A Description of the Great White Shark behaviour at Seal Island
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(Partial Predatory Ethogram of the Great White Sharks at Seal Island)
Great White Shark ‘Polaris Attack’ – the attacking shark performs a swift, vertical rush; often leaping partially or completely out of the water, with or without a seal in its mouth. If a seal is in the shark’s mouth, it typically shakes its head violently from side-to-side, possibly facilitating death or severe injury via neck trauma caused by the ‘Lateral Head Shake’. This is typically devastating, usually killing or incapacitating the seal in the initial strike. Those seals which are wounded but not killed in this strike typically bear slashing wounds on the posterior abdomen (probably inflicted by the attacking shark’s lower anterior teeth, which form the first point of contact between predator and prey), usually located on the rearmost quarter of the body.
Great White Shark ‘Surface Breach’ – after the initial strike, if the seal is still alive, the attacking shark performs a swift shallow, horizontal breach, typically re-entering water with its jaws over the seal, usually forcing the seal underwater. Seals struck in this way are typically wounded on the posterior quarter of the body. If the seal is in the shark’s mouth, it typically shakes its head violently from side-to-side, possibly facilitating death or severe injury via neck trauma caused by the ‘Lateral Head-Shake’, which is often fatal; and sometimes accompanied by ‘Side Roll’.
Great White Shark ‘Side Roll’ – after the initial strike, if the seal is still alive, the attacking shark performs a moderately fast lateral roll at or near the surface, possibly to keep the floating seal in sight or perhaps an artifact of continued pursuit. One of the shark’s pectoral fins often protrudes from the water.
Great White Shark ‘Lateral Snap’ – when a seal is ‘working a shark’ (performing zig-zag surface maneuvers in an attempt to stay away from a pursuing shark’s jaws), the attacking shark performs a sudden, swift lateral snap of its head, typically grasping the seal with its latero-posterior teeth. Seals grasped in this way are typically grasped mid-body, at roughly the level of the fore-flippers.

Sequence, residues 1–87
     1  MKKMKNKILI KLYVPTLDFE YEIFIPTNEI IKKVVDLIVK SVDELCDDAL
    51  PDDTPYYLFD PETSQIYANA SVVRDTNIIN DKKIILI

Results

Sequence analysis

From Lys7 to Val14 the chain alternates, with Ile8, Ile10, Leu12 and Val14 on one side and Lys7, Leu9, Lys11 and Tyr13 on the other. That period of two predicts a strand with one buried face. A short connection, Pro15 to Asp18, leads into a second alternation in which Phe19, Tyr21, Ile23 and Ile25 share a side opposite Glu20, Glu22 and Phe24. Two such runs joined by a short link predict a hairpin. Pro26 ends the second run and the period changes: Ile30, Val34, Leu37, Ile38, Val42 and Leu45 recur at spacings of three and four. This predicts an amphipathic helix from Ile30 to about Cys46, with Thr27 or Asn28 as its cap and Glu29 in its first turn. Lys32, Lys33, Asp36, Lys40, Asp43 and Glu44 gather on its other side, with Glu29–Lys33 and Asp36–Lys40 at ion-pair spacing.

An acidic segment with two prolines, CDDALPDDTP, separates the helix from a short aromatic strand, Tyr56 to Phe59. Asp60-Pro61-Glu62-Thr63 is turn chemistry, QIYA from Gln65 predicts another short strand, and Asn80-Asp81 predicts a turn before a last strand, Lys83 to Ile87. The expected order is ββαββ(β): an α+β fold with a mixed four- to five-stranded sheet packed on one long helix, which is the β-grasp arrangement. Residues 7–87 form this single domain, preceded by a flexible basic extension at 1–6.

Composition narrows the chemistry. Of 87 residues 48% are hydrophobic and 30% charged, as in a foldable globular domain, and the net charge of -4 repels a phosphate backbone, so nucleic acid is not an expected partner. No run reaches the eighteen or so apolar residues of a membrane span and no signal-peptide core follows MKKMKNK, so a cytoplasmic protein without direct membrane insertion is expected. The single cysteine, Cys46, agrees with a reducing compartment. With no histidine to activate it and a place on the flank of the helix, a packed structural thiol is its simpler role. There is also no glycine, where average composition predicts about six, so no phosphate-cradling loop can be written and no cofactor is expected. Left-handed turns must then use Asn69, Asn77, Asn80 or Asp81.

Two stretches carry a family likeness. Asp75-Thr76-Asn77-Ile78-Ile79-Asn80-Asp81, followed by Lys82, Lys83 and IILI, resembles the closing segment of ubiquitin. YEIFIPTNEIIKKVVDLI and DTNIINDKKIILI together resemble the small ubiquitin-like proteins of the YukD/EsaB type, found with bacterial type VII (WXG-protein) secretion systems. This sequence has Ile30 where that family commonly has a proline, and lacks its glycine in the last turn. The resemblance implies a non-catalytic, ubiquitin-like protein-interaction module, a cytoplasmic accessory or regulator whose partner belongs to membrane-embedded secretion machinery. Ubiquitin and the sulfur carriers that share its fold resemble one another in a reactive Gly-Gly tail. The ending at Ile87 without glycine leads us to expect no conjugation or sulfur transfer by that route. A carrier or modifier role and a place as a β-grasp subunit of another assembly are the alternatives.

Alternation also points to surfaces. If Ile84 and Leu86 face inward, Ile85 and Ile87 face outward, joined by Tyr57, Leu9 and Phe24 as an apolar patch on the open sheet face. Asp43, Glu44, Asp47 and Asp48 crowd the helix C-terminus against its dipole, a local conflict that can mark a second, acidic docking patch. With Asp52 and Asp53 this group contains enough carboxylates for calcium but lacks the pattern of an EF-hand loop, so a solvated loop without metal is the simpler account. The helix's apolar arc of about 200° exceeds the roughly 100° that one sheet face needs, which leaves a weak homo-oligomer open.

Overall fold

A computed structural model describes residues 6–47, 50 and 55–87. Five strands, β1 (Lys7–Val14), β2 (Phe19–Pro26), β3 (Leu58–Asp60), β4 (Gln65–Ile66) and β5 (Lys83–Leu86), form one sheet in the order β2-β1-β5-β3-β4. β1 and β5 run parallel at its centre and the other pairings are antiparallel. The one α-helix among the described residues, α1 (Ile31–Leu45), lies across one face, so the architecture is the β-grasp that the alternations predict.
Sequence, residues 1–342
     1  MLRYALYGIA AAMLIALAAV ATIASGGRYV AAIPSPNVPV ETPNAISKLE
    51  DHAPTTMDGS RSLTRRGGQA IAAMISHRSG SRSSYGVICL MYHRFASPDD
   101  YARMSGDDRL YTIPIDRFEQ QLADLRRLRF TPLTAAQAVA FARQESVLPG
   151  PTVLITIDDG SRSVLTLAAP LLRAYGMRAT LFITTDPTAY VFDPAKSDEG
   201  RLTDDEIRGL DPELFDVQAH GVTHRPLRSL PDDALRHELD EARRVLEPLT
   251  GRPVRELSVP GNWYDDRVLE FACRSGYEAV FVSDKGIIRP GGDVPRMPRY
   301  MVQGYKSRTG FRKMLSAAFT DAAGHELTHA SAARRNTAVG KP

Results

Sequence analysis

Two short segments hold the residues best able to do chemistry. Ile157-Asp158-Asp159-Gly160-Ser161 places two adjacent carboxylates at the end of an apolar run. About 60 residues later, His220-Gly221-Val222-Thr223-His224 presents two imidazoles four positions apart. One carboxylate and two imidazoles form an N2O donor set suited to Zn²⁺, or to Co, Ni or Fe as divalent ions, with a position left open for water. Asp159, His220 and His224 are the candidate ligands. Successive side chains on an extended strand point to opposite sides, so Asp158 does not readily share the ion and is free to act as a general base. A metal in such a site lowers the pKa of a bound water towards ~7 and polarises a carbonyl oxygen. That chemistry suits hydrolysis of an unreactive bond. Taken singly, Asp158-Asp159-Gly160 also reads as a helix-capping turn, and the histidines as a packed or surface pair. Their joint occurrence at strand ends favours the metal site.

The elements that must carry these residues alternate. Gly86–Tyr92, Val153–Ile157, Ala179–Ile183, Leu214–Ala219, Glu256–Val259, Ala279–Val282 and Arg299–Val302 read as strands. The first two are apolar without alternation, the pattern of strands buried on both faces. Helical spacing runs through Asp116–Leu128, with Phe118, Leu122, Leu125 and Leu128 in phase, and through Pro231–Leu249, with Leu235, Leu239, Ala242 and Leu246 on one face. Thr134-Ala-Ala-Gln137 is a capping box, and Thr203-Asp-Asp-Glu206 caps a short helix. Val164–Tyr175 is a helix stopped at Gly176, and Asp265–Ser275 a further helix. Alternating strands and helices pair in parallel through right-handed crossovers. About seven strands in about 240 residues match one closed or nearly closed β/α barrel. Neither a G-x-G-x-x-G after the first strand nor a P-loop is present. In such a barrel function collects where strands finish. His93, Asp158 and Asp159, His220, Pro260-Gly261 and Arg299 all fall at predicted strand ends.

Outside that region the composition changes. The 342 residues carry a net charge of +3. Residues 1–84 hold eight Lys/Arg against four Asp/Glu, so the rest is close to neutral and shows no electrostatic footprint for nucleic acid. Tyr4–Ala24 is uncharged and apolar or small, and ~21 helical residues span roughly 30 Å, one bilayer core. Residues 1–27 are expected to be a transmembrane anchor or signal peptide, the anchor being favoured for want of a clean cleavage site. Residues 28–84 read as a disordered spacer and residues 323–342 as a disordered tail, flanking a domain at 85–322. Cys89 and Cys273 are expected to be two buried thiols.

Great White Shark ‘Lateral Head-Shake’ – when a seal has been grasped during pursuit or killed, the attacking shark performs violent lateral shakes of the head. This action typically breaks the neck of a seal that has not yet succumbed or, if dead, maximises the cutting efficiency of the shark’s serrated dentition by sawing apart the ribcage, which is usually the only potion of a seal carcass that provides any significant resistance to being sundered by the shark’s teeth.
Great White Shark ‘Killing Bite’ – when a seal has been grasped during pursuit, the attacking shark performs a swift, powerful bite to the seal’s head or neck, efficiently killing the prey prior to feeding upon its carcass. This is often followed by ‘Surface Grasp’.
Great White Shark ‘Surface Grab’ – after the seal is dead or otherwise incapacitated, the attacking shark performs a slow, almost ‘casual’ grasp of the floating seal. The shark typically employs its anterior teeth for doing so, often raising its head partially out of the water. This is often followed by ‘Lateral Head-Shake’ or ‘Subsurface Carry’.
Great White Shark ‘Subsurface Carry’ – after the seal is dead or incapacitated and other sharks (competitors) are in the immediate vicinity (a kill often draws as many as four additional White Sharks), the attacking shark may slowly grasp and carry the seal’s body underwater some distance – typically 5 to 8 metres or so – possibly to assert its ownership of the prey item or to otherwise discourage competitors from stealing it.
Great White Shark ‘Surface Feed’ – after the seal is dead, the attacking shark consumes the prey. Due to its high blubber content, the seal carcass floats at the surface and it is there that the shark calmly but efficiently feeds upon it. Consumption is typically performed in two or three massive bites – often employing ‘Lateral Head-Shake’ to saw apart the carcass’ rib cage – and lasts a duration of less than a minute. The seal’s entrails are rarely consumed by a feeding White Shark (although the Kelp Gulls and other seabirds compete vigorously and noisily for some) and the head is sometimes also abandoned (low quality food item?) to sink out of sight, probably to be picked clean by crabs and other benthic scavengers.
Join Rob Lawrence and the African Shark Eco-Charters team on one of our popular “Airjaws” trips to experience the predatory strategies of the Great White Shark first-hand.
Data collected and observations by R. Aiden Martin of the ReefQuest Centre for Shark Reasearch, as well as Rob Lawrence.
Picture taken by Rob Lawrence
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